Amendment No. 96: Earmarks $2,500,000 and unobligated 
project balances for a grant to the ``Non-Profit Citizens for 
the Columbia Gorge Discovery Center,'' and authorizes the 
conveyances of certain land, as proposed by the Senate. The 
House included no similar provision.
      Amendment No. 97: Includes Senate provision which 
authorizes funds appropriated in 1991 for a new research 
facility at the University of Missouri, Columbia, to be 
available as a grant for construction of the facility, and 
provides that the Forest Service shall receive free space in 
the building. The House had no similar provision.

                            land acquisition

      Amendment No. 98: Appropriates $41,200,000 instead of 
$14,600,000 as proposed by the House and $41,167,000 as 
proposed by the Senate. The $41,200,000 includes $7,500,000 for 
acquisition management, $2,000,000 for emergency and in holding 
purchases, $1,000,000 for wilderness protection, $1,725,000 for 
cash equalization of land exchanges, and $28,975,000 for land 
purchase.
      Amendment No. 99: Strikes Senate earmark for Mt. Jumbo.
      Amendment No. 100: Strikes Senate earmark for Kane 
Experimental Forest.
      The managers expect that any movement of acquisition 
funds from one project to another regardless of circumstances 
must follow normal reprogramming guidelines. The managers have 
deleted all references to specific earmarkings included in the 
Senate report.
      The managers continue to encourage strongly the use of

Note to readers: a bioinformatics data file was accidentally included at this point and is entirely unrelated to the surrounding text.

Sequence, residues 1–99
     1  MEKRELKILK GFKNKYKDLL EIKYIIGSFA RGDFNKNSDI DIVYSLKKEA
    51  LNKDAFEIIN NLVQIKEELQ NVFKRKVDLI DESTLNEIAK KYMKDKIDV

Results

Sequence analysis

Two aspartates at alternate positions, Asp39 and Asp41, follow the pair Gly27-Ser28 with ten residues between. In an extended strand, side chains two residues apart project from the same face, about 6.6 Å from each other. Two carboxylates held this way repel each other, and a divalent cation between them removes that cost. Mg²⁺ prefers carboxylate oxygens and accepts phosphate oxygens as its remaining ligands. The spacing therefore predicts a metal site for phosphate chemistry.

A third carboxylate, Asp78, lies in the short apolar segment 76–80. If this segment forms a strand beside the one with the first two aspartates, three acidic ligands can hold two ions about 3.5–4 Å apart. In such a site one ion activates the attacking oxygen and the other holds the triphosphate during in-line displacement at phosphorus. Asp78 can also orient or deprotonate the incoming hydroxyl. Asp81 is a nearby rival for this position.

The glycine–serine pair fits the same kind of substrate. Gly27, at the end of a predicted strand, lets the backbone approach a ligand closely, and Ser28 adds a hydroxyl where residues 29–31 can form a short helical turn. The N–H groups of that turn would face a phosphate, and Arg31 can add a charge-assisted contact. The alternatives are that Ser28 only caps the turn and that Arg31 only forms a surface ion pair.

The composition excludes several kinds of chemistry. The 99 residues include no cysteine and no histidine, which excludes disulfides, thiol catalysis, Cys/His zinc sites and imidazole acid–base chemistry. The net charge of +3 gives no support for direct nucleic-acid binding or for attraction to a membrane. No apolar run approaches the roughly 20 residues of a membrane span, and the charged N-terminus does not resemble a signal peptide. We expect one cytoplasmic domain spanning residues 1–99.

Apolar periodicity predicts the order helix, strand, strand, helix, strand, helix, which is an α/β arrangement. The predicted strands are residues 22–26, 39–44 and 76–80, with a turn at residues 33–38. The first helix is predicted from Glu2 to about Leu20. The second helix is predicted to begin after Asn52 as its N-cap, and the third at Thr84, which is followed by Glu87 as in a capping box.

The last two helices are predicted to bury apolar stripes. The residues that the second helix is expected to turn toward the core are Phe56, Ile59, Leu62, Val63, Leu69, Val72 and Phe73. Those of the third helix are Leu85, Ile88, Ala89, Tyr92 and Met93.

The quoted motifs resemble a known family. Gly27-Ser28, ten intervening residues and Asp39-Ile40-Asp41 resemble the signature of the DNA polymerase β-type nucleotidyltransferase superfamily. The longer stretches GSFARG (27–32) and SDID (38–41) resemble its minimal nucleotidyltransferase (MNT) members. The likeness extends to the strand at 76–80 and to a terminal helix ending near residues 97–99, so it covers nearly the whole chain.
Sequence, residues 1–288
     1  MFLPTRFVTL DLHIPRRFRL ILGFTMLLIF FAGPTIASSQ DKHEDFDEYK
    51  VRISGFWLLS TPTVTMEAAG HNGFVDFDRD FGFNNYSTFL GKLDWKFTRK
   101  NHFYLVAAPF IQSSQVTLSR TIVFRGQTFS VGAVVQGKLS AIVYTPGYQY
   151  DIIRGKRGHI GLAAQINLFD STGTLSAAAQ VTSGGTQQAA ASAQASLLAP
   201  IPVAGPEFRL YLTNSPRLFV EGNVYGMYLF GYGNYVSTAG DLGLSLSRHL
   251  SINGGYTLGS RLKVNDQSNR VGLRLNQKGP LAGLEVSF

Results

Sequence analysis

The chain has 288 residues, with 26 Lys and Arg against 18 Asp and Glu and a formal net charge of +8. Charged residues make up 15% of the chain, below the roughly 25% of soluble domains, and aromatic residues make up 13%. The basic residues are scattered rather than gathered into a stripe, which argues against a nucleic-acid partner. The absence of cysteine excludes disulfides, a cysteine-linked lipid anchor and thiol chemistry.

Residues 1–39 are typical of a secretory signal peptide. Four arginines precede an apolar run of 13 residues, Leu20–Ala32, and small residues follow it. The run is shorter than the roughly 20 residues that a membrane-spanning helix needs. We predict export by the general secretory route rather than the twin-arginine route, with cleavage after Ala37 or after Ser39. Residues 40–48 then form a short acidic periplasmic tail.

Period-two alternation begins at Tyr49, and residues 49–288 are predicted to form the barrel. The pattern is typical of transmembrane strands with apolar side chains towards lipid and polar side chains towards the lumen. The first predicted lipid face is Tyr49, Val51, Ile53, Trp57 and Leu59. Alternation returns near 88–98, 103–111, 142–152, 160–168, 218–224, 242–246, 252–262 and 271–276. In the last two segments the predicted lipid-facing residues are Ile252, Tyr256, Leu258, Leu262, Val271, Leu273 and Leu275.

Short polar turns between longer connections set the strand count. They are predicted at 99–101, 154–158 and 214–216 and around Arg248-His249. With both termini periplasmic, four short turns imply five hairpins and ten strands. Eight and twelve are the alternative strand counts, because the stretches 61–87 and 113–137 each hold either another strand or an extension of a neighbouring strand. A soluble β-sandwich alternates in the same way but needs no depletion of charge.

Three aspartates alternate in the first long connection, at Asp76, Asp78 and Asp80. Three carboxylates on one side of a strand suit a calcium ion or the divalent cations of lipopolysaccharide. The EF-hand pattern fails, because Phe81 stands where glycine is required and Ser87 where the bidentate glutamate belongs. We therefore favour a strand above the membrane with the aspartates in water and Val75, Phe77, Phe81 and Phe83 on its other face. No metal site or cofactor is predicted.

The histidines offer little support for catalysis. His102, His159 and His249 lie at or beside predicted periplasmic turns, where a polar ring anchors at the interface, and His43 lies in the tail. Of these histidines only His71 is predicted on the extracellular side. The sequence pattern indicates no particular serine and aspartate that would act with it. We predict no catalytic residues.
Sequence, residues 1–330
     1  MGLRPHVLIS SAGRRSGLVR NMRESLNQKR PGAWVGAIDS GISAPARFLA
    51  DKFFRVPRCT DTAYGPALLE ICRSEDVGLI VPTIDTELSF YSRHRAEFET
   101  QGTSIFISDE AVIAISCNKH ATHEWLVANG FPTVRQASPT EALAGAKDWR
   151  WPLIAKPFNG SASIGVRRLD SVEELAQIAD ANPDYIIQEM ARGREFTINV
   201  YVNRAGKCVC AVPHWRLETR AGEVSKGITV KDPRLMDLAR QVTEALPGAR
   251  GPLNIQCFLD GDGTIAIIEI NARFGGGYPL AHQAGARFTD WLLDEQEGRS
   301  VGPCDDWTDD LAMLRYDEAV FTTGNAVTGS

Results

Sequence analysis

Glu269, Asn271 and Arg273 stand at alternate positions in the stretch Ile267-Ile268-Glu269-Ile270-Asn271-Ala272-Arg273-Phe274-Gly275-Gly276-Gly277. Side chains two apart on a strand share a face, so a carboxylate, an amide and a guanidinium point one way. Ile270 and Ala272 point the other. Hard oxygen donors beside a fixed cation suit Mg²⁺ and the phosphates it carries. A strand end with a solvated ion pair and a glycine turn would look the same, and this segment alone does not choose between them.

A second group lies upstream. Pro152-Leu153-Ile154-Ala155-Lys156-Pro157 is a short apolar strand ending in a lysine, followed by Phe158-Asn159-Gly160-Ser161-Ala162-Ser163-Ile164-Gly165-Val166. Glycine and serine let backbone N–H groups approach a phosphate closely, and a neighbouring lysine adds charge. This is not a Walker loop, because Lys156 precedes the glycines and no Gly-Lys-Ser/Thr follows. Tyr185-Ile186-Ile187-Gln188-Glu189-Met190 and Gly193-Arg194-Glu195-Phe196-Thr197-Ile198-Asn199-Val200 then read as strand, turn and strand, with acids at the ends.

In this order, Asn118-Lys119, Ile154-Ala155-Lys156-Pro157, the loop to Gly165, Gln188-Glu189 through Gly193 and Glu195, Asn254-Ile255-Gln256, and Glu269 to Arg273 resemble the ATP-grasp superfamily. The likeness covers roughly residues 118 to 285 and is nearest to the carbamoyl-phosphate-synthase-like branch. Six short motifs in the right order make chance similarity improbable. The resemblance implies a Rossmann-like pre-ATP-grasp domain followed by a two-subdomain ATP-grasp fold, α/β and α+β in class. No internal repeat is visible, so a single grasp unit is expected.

land exchanges as a way in which to protect important 
recreational or environmentally significant lands, in lieu of 
the Federal Government acquiring lands. The managers believe 
that land exchanges represent a more cost-effective way in 
which to do business and encourage the Forest Service to give 
high priority to those exchanges either nearing completion, or 
where land management decisions are made particularly difficult 
due to checkerboard ownership.
      The managers are concerned about the long history of 
problems associated with the implementation of land acquisition 
provisions in the Columbia River Gorge National Scenic Act. To 
date, nearly $40 million has been spent on land acquisitions in 
the Gorge, and the Forest Service estimates that nearly $20-$30 
million in remaining land is left to be acquired. The Gorge Act 
authorizes land exchanges in the area, and while several 
exchanges have been completed, a substantial number of acres 
remain to be acquired to fulfill the purposes of the Scenic 
Act. The managers strongly support the use of land exchanges 
versus land acquisitions. The managers understand that the 
Forest Service has the existing statutory authority to conduct 
land exchanges in the Scenic Area, including tripatrite land-
for-timber exchanges.
      The managers encourage the Forest Service to enter into 
land exchanges, including tripartite land exchanges, with